It should be noted that the suspension of powers does not take place if the company itself places a motion to appoint, suspend or remove a managing director or supervisory director on the agenda (e.g. for an urgent reason or in the event of a sudden vacancy). In addition, it is possible to file a petition with the Enterprise Chamber of the Amsterdam Court of Appeal to have the invocation of the Cooling-off Period reviewed (see 'End of the Cooling-off Period' below).

Incidentally, the case law on conflicts of interest (i.e. a managing director's personal interest that is contrary to the interests of the company) fully applies when invoking the Cooling-off Period. If the board is considering invoking the Cooling-off Period, the request to remove one or more managing directors (or supervisory directors) as part of a change of strategy does not in itself constitute a conflict of interests. This requires the director in question to have a personal interest that is contrary to the interests of the company. The supervisory board is authorised to invoke the Cooling-off Period if the management board has a conflict of interests that prevents it from taking a decision on the matter.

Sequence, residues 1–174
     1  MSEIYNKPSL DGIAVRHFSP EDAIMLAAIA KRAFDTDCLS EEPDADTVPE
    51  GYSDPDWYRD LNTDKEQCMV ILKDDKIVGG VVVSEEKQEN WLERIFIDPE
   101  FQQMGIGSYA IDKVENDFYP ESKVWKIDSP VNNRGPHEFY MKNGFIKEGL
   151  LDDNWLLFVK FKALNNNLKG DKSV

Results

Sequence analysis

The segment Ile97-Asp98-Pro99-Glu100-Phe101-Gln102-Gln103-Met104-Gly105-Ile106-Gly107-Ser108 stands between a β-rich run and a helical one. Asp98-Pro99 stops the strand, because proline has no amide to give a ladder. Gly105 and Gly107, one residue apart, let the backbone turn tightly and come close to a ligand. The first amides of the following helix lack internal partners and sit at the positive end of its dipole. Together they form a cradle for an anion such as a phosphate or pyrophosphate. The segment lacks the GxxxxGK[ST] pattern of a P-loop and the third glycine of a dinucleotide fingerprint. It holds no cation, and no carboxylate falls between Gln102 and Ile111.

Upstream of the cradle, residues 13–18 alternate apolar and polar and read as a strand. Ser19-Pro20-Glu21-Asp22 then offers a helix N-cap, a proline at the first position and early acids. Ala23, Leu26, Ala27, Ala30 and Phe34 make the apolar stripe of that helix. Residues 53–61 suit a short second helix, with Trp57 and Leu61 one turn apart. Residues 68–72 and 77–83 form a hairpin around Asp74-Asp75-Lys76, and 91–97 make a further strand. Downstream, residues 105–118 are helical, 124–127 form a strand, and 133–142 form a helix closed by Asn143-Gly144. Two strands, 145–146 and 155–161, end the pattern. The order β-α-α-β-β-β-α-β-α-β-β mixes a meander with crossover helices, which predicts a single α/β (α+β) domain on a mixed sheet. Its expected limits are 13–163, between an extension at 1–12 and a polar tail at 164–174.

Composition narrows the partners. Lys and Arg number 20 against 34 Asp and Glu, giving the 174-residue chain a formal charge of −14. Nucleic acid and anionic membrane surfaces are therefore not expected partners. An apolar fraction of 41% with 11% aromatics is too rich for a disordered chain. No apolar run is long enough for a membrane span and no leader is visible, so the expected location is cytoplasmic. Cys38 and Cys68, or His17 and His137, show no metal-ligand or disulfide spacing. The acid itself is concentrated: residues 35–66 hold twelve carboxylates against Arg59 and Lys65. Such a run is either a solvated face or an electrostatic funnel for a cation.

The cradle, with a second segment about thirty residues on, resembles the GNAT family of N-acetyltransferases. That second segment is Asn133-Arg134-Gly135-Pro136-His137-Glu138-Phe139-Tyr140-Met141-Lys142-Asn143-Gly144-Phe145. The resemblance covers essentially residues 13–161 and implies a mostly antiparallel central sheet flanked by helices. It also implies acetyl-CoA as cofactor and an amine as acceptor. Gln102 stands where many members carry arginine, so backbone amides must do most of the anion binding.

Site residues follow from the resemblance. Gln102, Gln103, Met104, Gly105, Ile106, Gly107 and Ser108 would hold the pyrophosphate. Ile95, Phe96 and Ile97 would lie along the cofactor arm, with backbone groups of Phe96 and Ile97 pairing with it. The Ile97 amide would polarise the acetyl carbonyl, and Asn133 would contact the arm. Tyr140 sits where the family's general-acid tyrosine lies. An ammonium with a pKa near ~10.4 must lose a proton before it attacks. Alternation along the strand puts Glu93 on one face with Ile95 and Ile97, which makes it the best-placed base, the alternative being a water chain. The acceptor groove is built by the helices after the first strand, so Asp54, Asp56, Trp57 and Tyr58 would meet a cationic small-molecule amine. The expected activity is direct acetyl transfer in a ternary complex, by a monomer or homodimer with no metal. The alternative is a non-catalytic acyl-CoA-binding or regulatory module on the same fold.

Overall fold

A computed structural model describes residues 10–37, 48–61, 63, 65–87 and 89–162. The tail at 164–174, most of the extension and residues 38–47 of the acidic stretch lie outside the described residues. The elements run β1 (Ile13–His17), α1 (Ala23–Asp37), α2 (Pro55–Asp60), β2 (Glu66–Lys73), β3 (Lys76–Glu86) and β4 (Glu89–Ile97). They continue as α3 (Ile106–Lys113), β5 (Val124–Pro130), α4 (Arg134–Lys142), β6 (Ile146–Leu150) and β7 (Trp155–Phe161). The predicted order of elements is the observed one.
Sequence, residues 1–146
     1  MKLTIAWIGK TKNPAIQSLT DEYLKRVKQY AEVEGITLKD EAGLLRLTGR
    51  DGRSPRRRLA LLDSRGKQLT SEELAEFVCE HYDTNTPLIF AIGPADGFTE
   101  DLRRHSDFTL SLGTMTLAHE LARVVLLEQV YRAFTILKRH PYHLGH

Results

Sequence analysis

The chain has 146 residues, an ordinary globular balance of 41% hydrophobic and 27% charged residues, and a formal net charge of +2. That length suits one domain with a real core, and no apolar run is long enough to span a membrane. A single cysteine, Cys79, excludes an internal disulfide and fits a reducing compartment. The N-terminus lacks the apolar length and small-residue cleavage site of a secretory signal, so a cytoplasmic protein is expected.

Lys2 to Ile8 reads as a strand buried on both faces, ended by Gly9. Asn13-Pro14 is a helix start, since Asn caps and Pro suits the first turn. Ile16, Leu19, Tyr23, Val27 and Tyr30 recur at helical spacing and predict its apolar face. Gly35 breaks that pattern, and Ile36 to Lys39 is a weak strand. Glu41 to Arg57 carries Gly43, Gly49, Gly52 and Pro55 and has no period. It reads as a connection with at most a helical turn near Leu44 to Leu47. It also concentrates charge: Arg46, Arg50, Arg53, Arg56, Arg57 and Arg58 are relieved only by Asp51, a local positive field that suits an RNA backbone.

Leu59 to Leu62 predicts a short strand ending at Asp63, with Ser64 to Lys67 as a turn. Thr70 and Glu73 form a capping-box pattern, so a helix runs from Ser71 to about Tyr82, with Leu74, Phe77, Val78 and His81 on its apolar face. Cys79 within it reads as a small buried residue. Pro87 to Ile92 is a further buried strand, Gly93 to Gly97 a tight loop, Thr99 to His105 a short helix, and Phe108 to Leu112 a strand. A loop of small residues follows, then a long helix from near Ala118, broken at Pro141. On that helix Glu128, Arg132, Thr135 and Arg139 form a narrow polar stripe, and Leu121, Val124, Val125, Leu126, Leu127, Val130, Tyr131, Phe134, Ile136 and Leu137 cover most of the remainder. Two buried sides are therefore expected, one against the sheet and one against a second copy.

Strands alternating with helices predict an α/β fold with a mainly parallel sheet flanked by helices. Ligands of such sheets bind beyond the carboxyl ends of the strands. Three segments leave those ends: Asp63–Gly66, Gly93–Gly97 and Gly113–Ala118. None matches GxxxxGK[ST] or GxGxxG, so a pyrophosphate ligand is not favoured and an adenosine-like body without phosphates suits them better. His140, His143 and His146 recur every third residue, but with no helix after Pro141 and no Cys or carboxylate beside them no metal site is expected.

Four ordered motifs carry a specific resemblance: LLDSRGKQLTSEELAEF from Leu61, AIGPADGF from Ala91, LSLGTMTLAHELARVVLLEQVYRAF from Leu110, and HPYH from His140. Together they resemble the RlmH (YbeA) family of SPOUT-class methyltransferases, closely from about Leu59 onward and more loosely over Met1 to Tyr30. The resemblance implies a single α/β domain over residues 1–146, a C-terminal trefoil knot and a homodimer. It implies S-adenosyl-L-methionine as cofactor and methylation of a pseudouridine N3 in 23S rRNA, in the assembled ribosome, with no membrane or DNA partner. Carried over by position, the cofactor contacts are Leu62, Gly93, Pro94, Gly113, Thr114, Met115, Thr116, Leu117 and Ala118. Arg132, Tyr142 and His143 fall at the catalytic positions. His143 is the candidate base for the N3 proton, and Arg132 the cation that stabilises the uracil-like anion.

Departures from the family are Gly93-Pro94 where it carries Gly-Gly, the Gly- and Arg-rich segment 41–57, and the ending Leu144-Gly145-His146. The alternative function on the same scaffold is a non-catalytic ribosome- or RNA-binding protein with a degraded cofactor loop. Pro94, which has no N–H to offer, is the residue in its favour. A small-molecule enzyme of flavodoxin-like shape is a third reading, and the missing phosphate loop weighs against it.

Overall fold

At any time, the board may resolve to terminate the Cooling-off Period early. This resolution is also subject to the approval of the supervisory board. In the case of a Public Bid, the Cooling-off Period ends in any case the day after the Public Bid has been closed.

In addition, one or more shareholders who, alone or together, represent at least 3% of the issued capital at the time of invoking the Cooling-off Period may request the Enterprise Chamber at the Amsterdam Court of Appeals to terminate the Cooling-off Period. The draft law provides for special legal proceedings before the Enterprise Chamber, which can review the invocation of the Cooling-off Period or its continuation. The Enterprise Chamber will grant the shareholder's petition (i) if, in light of the circumstances prevailing at the time when the Cooling-off Period was invoked, the board was unable to reasonably judge that the Shareholder Motion or the Public Bid was substantially contrary to the interests of the company and its business, or (ii) if the board is no longer able to reasonably be of the view that the continuation of the Cooling-off Period would contribute to a considered policy determination.